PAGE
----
Firesign Theatre presents...
PETER BERGMAN'S BIG BROUHAHA: A TRIBUTE BY THE FIRESIGN THEATRE
Kirkland Performace Center, Seattle WA April 21, 7:00PM
Peter Bergman, a founding member of the Firesign Theatre
comedy troupe, whose zany pun-loaded skits and absurdist
political satire entertained millions of college kids
during the 1960s and '70s, passed away March 9, 2012.
He was 72.
Born and raised in Cleveland, his parents Oscar and Rita
Bergman hosted "Breakfast With the Bergmans," a local
radio show. His father also worked as a reporter for the
Plain Dealer. Mr. Bergman got a taste of radio work when
he was in high school. He lost his job as an announcer on
the school radio system after his unauthorized announcement
that the Chinese Communists had taken over the school and
that a 'mandatory voluntary assembly was to take place
immediately.' (Russell Rupp, the school principal, promptly
relieved Peter of his announcing gig. Rupp was the
inspiration for the Principal Poop character on the
Firesign Theatre album Don't Crush That Dwarf, Hand Me The
He attended Yale University in the early '60s, where he met
nd formed a lifelong association with Phil Proctor; Phil
performed in musical productions for which Peter was the
lyricist. After his Yale years, and a short stint in the
Army, Peter spent time traveling through Europe and the
Middle East, making a name for himself as a playwright and
After his return to the U.S. and a brief stay in New York
City, he landed in Los Angeles. It was there that Peter's
participation in a fund-raising marathon for Pacifica Radio's
KPFK affiliate led to his hosting Radio Free Oz, an all-
night radio call-in show which served as the testing ground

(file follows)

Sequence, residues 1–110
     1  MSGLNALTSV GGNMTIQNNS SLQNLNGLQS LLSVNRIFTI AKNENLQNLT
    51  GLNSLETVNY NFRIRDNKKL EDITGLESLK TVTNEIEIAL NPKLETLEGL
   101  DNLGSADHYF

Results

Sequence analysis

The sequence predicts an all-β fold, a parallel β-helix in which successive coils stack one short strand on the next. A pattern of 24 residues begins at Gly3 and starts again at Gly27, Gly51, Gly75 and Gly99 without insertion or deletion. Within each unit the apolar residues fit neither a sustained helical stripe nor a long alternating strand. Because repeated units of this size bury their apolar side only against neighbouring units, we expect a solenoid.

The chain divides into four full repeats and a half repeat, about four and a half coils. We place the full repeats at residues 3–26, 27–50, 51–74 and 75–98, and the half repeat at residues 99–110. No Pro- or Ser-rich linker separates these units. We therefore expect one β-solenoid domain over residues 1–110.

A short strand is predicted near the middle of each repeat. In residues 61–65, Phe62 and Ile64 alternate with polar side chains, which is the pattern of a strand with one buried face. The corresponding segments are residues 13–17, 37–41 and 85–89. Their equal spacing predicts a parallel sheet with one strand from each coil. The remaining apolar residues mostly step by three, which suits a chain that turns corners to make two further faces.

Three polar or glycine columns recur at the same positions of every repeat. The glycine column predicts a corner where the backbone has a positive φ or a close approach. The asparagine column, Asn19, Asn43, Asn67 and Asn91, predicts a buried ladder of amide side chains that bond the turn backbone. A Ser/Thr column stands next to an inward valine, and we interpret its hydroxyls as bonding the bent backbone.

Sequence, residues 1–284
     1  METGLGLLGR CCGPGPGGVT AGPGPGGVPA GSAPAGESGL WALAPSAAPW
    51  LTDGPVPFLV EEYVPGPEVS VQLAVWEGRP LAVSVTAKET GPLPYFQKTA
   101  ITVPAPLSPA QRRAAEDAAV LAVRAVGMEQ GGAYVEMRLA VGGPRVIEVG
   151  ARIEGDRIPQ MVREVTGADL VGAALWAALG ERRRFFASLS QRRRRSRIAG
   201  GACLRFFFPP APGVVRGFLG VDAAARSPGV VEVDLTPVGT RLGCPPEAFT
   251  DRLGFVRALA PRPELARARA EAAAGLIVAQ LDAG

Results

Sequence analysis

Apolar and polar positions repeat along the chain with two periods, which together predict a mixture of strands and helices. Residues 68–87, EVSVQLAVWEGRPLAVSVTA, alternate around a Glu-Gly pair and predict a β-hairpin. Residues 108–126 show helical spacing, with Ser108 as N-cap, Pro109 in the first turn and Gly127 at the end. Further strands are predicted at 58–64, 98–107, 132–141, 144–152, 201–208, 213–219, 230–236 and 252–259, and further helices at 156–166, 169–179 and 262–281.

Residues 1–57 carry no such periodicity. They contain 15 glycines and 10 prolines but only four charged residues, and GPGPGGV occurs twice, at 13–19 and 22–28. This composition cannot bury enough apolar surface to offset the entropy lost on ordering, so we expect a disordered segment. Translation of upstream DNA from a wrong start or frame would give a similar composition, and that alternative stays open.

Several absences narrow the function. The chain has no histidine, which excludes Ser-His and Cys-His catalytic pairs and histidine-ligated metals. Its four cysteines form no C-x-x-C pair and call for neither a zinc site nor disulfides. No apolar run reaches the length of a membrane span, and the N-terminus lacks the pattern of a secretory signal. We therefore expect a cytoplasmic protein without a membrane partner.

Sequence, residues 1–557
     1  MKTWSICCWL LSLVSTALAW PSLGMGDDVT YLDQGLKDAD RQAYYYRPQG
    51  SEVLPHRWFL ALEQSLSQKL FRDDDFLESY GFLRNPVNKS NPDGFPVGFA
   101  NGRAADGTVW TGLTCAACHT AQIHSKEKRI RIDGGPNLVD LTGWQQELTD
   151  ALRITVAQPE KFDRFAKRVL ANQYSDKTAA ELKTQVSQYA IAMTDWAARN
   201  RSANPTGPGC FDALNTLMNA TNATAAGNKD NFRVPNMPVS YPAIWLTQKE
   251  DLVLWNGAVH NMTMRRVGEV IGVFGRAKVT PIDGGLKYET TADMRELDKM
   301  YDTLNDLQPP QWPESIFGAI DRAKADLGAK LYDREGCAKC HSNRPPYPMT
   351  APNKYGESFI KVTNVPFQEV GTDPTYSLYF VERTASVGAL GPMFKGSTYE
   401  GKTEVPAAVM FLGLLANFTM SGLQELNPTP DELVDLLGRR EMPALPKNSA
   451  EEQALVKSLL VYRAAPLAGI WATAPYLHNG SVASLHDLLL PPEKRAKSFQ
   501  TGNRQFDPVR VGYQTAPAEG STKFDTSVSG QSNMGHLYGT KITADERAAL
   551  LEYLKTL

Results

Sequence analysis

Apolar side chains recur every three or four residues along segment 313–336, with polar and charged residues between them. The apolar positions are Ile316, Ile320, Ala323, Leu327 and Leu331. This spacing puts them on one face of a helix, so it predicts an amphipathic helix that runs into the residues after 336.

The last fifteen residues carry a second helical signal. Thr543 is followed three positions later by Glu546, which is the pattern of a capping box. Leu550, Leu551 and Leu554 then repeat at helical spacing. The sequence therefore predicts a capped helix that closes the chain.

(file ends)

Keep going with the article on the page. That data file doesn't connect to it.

for the high-spirited Firesign sensibility. Phil Austin was
the show's producer; David Ossman was working at the station
in another capacity when he became involved with the show;
Phil Proctor, who had also relocated to Los Angeles seeking
work as an actor, was a frequent guest. In April 1967,
Bergman organized L.A.'s first "love-in." What he envisioned
as a picnic in Los Angeles' Elysian Park for a few hundred
fans turned into an event The Los Angeles Times described as
an "Easter Sunday freak-out" for 4,000. He is credited with
coining the term "love-in."
Performing as the Firesign Theatre, the four-man troupe
recorded their first album in 1967, Waiting For The
Electrician Or Someone Like Him, which was released in 1968.
With each album they produced through the early 1970s, their
uniquely surreal brand of humor combined with dense, multi-
layered plot lines and audio production struck a chord with
the late '60s counterculture. A staple of college dorms and
parties, their albums were made to be listened to multiple
times; new meanings and references could be gleaned from
every spin of their discs. When the Library of Congress
placed Don't Crush That Dwarf in its National Recording
Registry in 2005, they described Firesign Theater as "the
Beatles of comedy."
While the ensemble continued making albums for three decades,
Mr. Bergman also wrote and produced several one-man shows,
including Help Me Out of This Head, a 1986 monologue-memoir
that drew on his childhood in Cleveland. He also wrote
interactive games including PYST, a CD-ROM parody of the
popular adventure video game MYST.
In the mid 1990s, he brought back Radio Free Oz as a web
site of short, self-contained original comedy segments
featuring Peter and a company of voice talent that included
Phil Proctor, David Ossman, Edie McClurg and John Goodman.
Although the site folded after a few years, in 2010 Peter
again revived Radio Free Oz along with David Ossman. Initially
a series of live-streamed web broadcasts, it became a regular
daily and weekly podcast. He continued to write and produce
podcasts for radiofreeoz.com up until the time of his passing.
Join friends and fans of Peter and Firesign Theatre as they
pay tribute to his amazing life at the Kirkland Performance
Center, Seattle WA on April 21 at 7:00 pm.
This event is free and open to the public, though there is
a suggested donation of $10 to help cover expenses. No ticket
is required, and seating is available on a first come, first
You can also remember Peter on his memorial page:
Or the Firesign Facebook page:
Or Peter Bergman's Facebook page:
See you on side six...
-- Firesign Theatre